Launched in 2015, Ethereum is a decentralized software platform that enables Smart Contracts and Distributed Applications (ĐApps) to be built and run without any downtime, fraud, control or interference from a third party. During 2014, Ethereum had launched a pre-sale for ether which had received an overwhelming response. The applications on Ethereum are run on its platform-specific cryptographic token, ether. Ether is like a vehicle for moving around on the Ethereum platform, and is sought mostly by developers looking to develop and run applications inside Ethereum. According to Ethereum, it can be used to "codify, decentralize, secure and trade just about anything." Following the attack on the DAO in 2016, Ethereum was split into Ethereum (ETH) and Ethereum Classic (ETC). Ethereum (ETH) has a market capitalization of $41.4 billion, second after Bitcoin among all cryptocurrencies.
Ethereum is a peer-to-peer network of virtual machines that any developer can use to run distributed applications (Dapps). These computer programs could be anything, but the network is optimized to carry out rules that automatically execute when certain conditions are met, like a contract. Ethereum uses its own decentralized public blockchain to store, execute, and protect these contracts cryptographically.
Each computer on their network downloads a small virtual machine to sync with the Ethereum blockchain and remains available to execute contracts. This distributed network of computers conveniently provides the security, reliability, and computing power necessary for carrying out designed arrangements. Of course, this consensus network isn’t free or private, so developers only use it for consensus on outcomes and when their data can be public. The Ethereum blockchain is publicly searchable here.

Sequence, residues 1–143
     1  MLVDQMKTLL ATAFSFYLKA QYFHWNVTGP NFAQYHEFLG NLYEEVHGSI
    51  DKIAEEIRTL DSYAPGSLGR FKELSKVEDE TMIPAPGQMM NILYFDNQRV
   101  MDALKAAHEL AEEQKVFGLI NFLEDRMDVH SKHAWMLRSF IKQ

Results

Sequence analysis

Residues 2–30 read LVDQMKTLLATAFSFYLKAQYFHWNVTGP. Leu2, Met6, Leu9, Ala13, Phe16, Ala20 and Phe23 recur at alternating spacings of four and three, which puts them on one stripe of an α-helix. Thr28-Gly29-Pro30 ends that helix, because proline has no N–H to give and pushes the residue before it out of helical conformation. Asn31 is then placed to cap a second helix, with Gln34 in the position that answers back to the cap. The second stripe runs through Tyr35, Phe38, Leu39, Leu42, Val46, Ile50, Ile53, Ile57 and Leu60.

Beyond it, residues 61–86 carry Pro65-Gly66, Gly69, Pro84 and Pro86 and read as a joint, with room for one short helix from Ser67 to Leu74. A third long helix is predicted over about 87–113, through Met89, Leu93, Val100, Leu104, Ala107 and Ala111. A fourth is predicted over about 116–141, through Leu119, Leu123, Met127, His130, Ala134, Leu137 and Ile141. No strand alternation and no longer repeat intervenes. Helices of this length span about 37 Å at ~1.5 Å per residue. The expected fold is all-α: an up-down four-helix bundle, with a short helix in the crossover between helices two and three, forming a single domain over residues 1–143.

While most examples of these contracts depict various human interactions, the technology is currently preferred for industrial use-cases like strict business logic between organizations or machine-to-machine communication. For instance, some energy companies are researching ways to create a smarter grid, where houses can automatically buy and sell power. Another example is the International Business Machines Corp. (IBM)/Samsung Group "Internet of Things" collaboration. However, they used a fork of the Ethereum’s code - for the sake of privacy - to control how these "things" communicate with each other.
The financial industry loves the promise of a controllable blockchain, but not the lack of privacy. So, consulting companies like Eris have forked Ethereum to sell it, bundled with their consulting services, to help banks construct their own private networks.
Ethereum is certainly an innovative implementation of virtual machines with amazing possibilities. However, we don’t yet know how large the unforked Ethereum network will grow nor how scalable this network could be.
As digital currencies have become increasingly popular, you’re likely to have encountered terms and names that may have been unfamiliar just a short time ago. This industry is an exciting and fast-changing one, but it can be difficult to stay on top of all the terminology and to understand the technology that underlies the virtual currency world. (For help navigating this maze, we've compiled a comprehensive list of Blockchain terminologies for your convenience. Please refer to the article: Blockchain Lingo for Newbies, on our Blockchain Consulting page.)
Ethereum is a name that comes up often in discussions of the digital currency space, and with good reason. Alongside mentions of ethereum, you may also encounter the term "ether." In this explainer, we’ll take a look at the differences between "ethereum" and "ether," providing clarification on how they differ.
What Is Ethereum?
Put simply, ethereum is a technology which makes use of the blockchain development that has undergirded most cryptocurrencies in the past several years. Before we can look at what makes ethereum unique, it will be helpful to explore some foundational concepts related to blockchain.
In the modern, internet-focused era, we store all types of information (passwords, personal data, and financial details) on clouds and servers which are owned by major providers like Google and Facebook. There are a number of reasons for this; these companies allow the storage and retrieval of data for low costs and help to prevent the hassle of hosting and uptime.